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4.9 out of 5 stars
4.9 out of 5 stars
Format: Audio CD|Change
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on 7 January 2003
I agree wholeheartedly with the previous reviews....
I just wanted to re-emphasize a couple of points: Like a previous reviewer mentioned; Anyone who has ever said DISCO music is crap, or childish, or rubbish, or whatever, etc., etc., etc., has never heard any tracks from this album...and if they ever did, had no idea they were actually listening to so-called "DISCO" music.
If you never buy any other Donna Summer album (or any other disco album for that matter) but still want to have an idea of what all the fuss on DISCO was about back in her hay days, this is the album to get....original sequence or not. Having said that about the sequence...this album still has to be treated (and listened to) like you read a book, meaning you must start with track 1, and listen unbroken to the end of the whole album - because it is essentially a story set to music - IT COULD REALISTICALLY ACTUALLY BE CONVERTED TO A STAGE MUSICAL - AN OPERA! (which is why I reckon it had to be a double album) as a standard 2-sided single album would not have been enough time to do the story justice!
The music was way, way ahead of its time, and still is...because I listen to this album today and wish music being made today still sounded this gorgeous --- think of it as delicious ice cream for your ears!!!
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on 27 November 2001
This really is not only the best disco album ever made but also one of the best (double!) albums of the 1970s. Across its original four sides the inventiveness, rhythm and melody never flag and Summer's voice floats effortlessly above the Moroder/Bellotte disco machine.
As for the original album's side two (Now I Need You / Working The Midnight Shift / Queen For A Day) synth-whizz Giorgio Moroder never created anything finer. It makes today's dance music (bloated on easy-to-programme samplers, synths and sequencers) sound childish by comparison.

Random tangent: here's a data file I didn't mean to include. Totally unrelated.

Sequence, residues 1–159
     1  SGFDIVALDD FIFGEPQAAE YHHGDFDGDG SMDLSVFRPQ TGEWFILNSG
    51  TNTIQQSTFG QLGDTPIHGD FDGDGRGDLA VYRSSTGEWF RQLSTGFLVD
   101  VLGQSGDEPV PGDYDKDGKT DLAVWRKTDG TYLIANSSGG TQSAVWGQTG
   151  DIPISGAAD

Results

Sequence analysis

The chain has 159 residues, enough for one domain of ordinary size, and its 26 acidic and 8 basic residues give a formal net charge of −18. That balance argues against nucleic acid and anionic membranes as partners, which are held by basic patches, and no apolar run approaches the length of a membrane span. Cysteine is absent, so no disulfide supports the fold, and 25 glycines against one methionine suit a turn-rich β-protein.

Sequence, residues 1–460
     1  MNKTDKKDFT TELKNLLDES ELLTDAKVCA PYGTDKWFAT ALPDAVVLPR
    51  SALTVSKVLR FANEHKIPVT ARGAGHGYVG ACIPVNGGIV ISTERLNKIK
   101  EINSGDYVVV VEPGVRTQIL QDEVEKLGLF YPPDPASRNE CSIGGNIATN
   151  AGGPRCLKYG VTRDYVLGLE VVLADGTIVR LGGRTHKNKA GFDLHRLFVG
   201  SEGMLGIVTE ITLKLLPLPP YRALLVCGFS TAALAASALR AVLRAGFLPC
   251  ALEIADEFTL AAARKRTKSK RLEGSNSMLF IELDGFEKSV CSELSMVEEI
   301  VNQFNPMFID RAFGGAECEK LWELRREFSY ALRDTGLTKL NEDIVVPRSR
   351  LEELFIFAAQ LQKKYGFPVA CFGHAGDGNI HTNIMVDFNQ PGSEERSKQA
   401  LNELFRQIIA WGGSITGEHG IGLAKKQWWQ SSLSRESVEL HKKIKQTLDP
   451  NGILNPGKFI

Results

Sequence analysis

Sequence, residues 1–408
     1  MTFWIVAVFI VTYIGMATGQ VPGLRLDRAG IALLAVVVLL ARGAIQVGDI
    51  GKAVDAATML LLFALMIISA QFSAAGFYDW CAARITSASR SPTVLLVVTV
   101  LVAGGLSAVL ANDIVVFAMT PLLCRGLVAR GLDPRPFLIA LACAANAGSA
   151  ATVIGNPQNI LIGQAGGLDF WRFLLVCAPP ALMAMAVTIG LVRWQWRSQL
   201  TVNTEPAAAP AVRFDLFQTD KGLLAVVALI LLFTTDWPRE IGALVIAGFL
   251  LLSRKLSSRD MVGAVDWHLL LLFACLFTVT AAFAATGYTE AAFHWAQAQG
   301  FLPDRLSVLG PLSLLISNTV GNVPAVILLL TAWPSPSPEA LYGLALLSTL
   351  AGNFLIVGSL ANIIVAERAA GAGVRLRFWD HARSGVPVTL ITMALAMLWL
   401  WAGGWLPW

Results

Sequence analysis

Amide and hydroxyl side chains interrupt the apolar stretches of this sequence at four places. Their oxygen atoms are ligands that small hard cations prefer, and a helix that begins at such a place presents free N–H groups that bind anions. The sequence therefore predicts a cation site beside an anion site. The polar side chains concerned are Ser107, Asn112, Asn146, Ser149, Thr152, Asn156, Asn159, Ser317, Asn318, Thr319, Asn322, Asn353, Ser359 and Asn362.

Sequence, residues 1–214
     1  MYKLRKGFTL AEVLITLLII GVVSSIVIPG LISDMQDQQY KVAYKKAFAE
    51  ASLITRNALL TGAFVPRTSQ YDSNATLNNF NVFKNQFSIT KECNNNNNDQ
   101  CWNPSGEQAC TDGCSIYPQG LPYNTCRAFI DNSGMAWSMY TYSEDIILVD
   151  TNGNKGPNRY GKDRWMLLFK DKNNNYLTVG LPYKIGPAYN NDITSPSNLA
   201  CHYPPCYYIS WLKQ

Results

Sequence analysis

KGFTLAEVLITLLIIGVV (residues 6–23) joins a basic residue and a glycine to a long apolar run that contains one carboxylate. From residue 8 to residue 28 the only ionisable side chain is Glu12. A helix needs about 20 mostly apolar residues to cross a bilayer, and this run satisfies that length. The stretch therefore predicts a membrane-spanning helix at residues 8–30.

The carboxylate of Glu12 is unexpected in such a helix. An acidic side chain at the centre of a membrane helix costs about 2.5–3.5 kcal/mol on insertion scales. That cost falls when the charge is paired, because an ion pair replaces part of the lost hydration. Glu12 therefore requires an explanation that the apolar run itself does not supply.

I have both original UK and US pressings of this album and I can assure any propective buyers that this CD release is absolutely identical in running order (and musical segues) to the original album. I recall that the original 1977 German double album was misleadingly labeled so perhaps they are confusing it with that edition?
(Universal Records - if you're reading: this classic CD was mastered back in the late 1980s and could certainly benefit from some new high-definition remastering!)
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on 17 April 2012
When I was a young lad, Donna Summer's Greatest hits was one of the first albums I ever bought. A friend of mine had Once Upon a Time and on first listen I loved it. However, being only funded by pocket money I couldn't afford to buy it.
I only listened to it that once but it stayed with me. Having bought this cd just recently I am so glad that it still had the same effect. From its opening bars, right through to the end you have an uplifting, genuine disco classic. Stand out tracks are 'faster and faster to nowhere', 'I need you', 'working the midnight shift', 'queen for a day' and the amazing, fantastic and earth-shattering 'Rumor has it'.
If only they still made dance music like this.
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on 2 August 2013